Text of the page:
What is dependency? Compare the theory of dependency with other developmental theories in the context of Latin America

 What is dependency? Compare the theory of dependency with other developmental theories in the context of Latin America

What is dependency? Compare the theory of dependency with other developmental theories in the context of Latin America , Latin American dependency theory may be a strand of political-economic thought that developed out of the UN Economic Commission for Latin America and therefore the Caribbean  shortly after war II. Dependency theorists sought to elucidate persistent levels of under-development in Latin America by situating national economies within their global economic context. Notable scholars during this intellectual tradition include Raúl Prebisch, Fernando Cardoso, and Andre Gunder Frank, and dependency theory as articulated by Latin Americanists came to later influence the world-systems analysis promoted by Immanuel Wallerstein, Giovanni Arrighi, and Christopher Chase-Dunn.

Dependency theory argues that under-development as experienced in Latin America et al. is that the direct results of capital intervention, instead of a condition of “lacking” development or investment. Prebisch, Gunder Frank, et al. What is dependency? Compare the theory of dependency with other developmental theories in the context of Latin America put forth that the exact same processes that generate high-incomes in Western Europe and therefore the us are people who maintain the remainder of the planet during a state of dependency vis-à-vis wealth extraction. instead of looking towards country-level characteristics to elucidate development, as per earlier theorizations, dependency theory asks that social scientists reorient their analyses to attend to the worldwide economic forces that dictate development disparities both between and within nation-states. within the neoliberal era, dependency theory’s key theoretical insight — that global capital flows structure development and under-development — remains highly relevant. This essay traces the intellectual lineage of dependency theory as articulated in Latin America , several competing strands of thought from scholars working during this tradition, and a few consequences of dependency theory for policy praxis and science research.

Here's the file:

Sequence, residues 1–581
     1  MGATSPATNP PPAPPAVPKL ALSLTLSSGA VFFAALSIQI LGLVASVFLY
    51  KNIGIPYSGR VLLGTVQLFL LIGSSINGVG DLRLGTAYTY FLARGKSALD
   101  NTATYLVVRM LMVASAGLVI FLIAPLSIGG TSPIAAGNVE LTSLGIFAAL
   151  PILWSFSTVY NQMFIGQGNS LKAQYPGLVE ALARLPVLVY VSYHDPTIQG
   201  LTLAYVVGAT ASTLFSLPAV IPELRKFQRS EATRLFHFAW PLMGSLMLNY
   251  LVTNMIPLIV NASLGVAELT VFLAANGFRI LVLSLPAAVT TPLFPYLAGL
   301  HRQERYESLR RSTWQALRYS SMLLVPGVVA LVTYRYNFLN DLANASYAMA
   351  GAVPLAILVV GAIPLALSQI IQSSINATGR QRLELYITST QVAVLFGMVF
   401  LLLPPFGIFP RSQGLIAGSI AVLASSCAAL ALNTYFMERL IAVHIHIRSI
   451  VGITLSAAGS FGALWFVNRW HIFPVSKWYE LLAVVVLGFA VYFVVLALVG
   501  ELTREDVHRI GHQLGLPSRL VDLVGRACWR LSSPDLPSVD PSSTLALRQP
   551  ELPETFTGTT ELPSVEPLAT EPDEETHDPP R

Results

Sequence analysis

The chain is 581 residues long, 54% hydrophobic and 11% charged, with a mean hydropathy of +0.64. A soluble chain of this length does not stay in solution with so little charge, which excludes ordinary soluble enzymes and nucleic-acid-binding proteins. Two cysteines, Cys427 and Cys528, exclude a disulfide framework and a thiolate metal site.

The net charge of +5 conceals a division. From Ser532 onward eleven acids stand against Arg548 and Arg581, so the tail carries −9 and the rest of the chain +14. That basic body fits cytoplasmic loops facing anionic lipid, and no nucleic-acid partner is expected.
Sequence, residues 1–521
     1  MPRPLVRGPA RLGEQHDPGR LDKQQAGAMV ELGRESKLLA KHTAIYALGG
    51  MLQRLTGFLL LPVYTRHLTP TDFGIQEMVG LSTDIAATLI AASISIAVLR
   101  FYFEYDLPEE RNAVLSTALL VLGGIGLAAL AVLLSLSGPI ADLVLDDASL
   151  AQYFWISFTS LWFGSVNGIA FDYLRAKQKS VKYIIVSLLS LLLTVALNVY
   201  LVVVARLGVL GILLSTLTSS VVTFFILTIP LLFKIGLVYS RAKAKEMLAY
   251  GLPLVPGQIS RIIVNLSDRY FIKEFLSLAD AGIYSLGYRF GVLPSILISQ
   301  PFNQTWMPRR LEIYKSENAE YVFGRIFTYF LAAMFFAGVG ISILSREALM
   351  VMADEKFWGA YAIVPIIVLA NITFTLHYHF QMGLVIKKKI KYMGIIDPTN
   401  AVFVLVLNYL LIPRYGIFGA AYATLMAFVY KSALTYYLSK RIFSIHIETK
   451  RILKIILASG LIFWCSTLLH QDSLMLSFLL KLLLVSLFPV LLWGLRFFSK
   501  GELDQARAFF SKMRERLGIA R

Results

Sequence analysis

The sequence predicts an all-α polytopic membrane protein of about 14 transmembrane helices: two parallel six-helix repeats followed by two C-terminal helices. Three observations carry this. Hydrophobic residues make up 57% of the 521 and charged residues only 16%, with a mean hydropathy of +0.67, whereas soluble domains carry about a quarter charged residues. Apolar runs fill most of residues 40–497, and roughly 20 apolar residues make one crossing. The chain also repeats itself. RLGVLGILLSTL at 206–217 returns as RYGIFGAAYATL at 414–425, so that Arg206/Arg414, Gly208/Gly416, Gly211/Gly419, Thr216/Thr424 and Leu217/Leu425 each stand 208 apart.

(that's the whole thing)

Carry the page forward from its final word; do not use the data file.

Dependency theory as an intellectual movement emerged as a response to modernization theory, a quasi-evolutionary model of economic development that posited that nations move linearly through successive stages of growth (Gunder Frank 1969; Rostow 1959). Economist William Rostow, one among modernization theory’s chief architects, proposed five distinct stages of economic development, beginning with “traditional,” agrarian societies, moving upward through greater investment in manufacturing, before culminating in an urbanized economy oriented towards the production of commodity (Ibid.). In response, ECLAC economist Raúl Prebisch and Andre Gunder Frank argued that Rostow’s model assumes a false dichotomy between “traditional” and “modern” societies, and disputed Rostow’s presumption of a worldwide economic structure that might leave all nations to undergo these stages successfully .